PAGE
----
Commentary. The heterogenous demonstrations in defense of the rule of law and the arrest of an Italian-Palestinian may seem like distant events, but both are part of the conservative mobilization aimed at maintaining the status quo.

Khaled and the Israeli demonstrations, a legal system perpetuating inequality

It has been nine months since the first demonstrations began crowding the streets of Tel Aviv and Jerusalem, with more and more people protesting against the justice reform envisioned by the government of Israeli Prime Minister Netanyahu and his far-right coalition. And it has been a month since Italian-Palestinian citizen Khaled el Qaisi was handcuffed and detained at the Allenby crossing between the West Bank and Jordan.

At first glance, these seem to be unrelated events. The first is a heterogeneous mobilization (young people, start-up employees, magistrates, intellectuals, reservists, a part of the liberal right) against a reform aimed at neutering the powers of the Supreme Court. The second is the detention of a young Palestinian.

However, the two are intimately linked, although this is swept under the rug in the narrative of the Italian media and politicians about the el Qaisi affair and the protests. The protesters, and those reporting on them in Europe, are describing their actions as a mobilization in defense of democracy, with Israel as an accomplished democracy of which the Supreme Court is the final bulwark.

However, the current protests are actually a conservative mobilization, aimed at maintaining the current status quo, which for 75 years has discriminated, on ethnic and religious grounds, between people subjected to the same authority. Is it really possible to enjoy a free, independent and democratic judicial system within a structural context of military occupation and internal discrimination?

In 1948, the fledgling state of Israel needed to come up with regulations, to build an institutional and legislative framework that would “legally” manage the new reality on the ground, after a mass expulsion (80 percent of the Palestinian population at the time, nearly a million people) and the seizing of the movable and immovable property those people left behind. Laws were enacted, state confiscation was institutionalized, and a judiciary system was established that has ensured that those discriminatory rules have been respected, and have multiplied, ever since.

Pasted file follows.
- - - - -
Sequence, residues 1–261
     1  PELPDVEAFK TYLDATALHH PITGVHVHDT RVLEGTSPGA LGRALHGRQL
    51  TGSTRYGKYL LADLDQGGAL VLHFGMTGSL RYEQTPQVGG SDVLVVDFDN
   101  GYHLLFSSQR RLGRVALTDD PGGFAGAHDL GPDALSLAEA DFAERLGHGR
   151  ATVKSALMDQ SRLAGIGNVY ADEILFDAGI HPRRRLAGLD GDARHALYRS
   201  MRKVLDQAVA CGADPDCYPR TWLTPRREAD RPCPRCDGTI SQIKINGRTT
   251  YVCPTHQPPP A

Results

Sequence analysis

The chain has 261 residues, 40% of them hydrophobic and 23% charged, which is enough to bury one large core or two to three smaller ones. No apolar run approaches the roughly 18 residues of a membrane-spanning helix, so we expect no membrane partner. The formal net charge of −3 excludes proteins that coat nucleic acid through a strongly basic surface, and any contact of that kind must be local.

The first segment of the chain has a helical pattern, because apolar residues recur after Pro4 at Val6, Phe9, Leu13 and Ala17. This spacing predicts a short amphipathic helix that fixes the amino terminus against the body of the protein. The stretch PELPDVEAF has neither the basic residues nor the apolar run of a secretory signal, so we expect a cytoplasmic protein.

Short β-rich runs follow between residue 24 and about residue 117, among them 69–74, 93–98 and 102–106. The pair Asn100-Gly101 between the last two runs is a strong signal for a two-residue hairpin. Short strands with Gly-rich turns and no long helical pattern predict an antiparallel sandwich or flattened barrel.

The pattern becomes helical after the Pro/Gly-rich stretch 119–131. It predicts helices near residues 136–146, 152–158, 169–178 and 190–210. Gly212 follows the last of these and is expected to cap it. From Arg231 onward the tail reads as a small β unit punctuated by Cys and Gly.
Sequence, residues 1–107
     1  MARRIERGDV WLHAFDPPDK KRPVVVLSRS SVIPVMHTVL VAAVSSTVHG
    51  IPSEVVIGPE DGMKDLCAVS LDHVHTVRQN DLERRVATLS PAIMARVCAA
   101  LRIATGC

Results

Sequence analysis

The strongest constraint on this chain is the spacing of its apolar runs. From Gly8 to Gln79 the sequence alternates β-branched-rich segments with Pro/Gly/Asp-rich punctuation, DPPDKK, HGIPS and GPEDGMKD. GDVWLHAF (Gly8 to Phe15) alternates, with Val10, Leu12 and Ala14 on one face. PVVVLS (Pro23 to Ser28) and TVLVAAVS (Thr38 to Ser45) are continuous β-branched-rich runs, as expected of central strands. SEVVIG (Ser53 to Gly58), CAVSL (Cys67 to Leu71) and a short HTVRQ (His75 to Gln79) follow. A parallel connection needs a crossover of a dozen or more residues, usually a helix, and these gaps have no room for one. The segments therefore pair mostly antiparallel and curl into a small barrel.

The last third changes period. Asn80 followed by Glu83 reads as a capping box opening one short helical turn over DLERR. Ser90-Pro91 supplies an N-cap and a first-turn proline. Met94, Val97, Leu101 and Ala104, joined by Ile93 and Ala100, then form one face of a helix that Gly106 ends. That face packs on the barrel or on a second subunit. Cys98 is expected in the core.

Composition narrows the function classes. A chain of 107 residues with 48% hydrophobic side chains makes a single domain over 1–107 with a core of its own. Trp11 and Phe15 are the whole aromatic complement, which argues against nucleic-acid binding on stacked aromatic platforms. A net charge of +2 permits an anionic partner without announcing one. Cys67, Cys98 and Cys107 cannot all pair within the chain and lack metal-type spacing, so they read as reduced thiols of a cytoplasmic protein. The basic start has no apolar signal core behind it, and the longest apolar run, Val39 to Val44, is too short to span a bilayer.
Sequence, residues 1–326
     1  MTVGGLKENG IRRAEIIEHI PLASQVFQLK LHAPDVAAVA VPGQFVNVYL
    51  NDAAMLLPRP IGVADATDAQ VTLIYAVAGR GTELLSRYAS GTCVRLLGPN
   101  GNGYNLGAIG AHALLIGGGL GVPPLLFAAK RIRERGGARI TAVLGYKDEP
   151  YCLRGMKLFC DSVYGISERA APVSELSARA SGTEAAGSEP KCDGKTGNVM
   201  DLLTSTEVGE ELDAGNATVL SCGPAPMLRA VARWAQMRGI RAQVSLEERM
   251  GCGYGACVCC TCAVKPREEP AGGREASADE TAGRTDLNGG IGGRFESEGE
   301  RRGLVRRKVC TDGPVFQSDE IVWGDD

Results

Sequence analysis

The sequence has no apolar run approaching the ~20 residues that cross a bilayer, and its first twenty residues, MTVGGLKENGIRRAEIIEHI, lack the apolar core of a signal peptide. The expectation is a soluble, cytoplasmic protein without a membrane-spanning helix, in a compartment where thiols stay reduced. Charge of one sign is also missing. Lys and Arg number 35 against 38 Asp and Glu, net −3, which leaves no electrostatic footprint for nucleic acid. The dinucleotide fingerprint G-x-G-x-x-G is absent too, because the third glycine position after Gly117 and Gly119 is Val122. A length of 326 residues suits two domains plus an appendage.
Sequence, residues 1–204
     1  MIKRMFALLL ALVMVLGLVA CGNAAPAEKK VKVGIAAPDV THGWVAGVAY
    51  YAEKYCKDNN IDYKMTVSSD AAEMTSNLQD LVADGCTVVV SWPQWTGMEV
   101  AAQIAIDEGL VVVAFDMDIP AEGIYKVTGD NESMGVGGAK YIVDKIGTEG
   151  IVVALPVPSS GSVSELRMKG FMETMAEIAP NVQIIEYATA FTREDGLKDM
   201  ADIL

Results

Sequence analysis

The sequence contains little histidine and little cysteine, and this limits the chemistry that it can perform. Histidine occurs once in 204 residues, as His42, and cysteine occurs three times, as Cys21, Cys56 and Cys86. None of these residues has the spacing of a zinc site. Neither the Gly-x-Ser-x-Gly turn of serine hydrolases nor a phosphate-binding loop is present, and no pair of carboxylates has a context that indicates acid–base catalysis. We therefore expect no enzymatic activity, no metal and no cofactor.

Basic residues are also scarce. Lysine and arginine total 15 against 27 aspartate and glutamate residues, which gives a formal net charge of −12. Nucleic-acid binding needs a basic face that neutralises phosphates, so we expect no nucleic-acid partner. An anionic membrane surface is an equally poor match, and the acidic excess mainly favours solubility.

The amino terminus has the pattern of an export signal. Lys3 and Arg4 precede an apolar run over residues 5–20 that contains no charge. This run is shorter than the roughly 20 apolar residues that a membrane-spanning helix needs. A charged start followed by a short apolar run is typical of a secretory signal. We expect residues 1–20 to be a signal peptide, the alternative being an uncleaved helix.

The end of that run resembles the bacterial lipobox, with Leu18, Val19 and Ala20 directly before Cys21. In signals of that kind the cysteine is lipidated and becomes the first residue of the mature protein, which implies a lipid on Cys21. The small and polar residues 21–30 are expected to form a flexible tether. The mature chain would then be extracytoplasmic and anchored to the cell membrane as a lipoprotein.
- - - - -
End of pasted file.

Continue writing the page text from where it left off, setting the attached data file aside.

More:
Since 1948, the Israeli judiciary has been one of the pillars safeguarding the regime of ethnic-religious segregation implemented within the State of Israel, and since 1967 it has been one of the pillars of the military occupation. Although in violation of international law, the Supreme Court has never challenged the permanent state of exception, something that Israeli historian Ilan Pappé – going further than Giorgio Agamben’s analysis – has called a “mukhabarat state,” a state of total intelligence and surveillance, which uses a mix of bureaucracy, army, intelligence agencies and violence to maintain control over half the people, living on the territory of historic Palestine.

The protests for “democracy” have no objection to all this. They demand that everything should remain as it is – including the double judicial standard applied in the Palestinian Occupied Territories, which is now keeping Khaled el Qaisi in prison without official charges and which 22 years ago received the official assent of the Supreme Court (which ruled that torture can be applied to Palestinian detainees). On the one hand, there are civil courts reserved for Israeli citizens (the settlers illegally present in the West Bank); on the other hand, there are military courts for Palestinians under occupation. Two radically opposed worlds: for the same crime, the rights of the detainee and the accused are different, the custody times and level of access to defense are different, and the sentences and legal age to distinguish adults from minors are also different.

Khaled el Qaisi is being subjected to this military justice system, as hundreds of thousands of Palestinians before him (an estimated more than one million since 1967). It is impossible not to draw the connection between these two seemingly very different events, in order to tear down the mythologizing narrative that describes the Israeli protests as the vital force of a democracy that is inherently healthy, but endangered by a far-right government.

As long as there are different systems applied on the basis of ethnicity and religion, there will be no democracy. Instead, there is what Israeli, Palestinian and international NGOs are not afraid to call apartheid.

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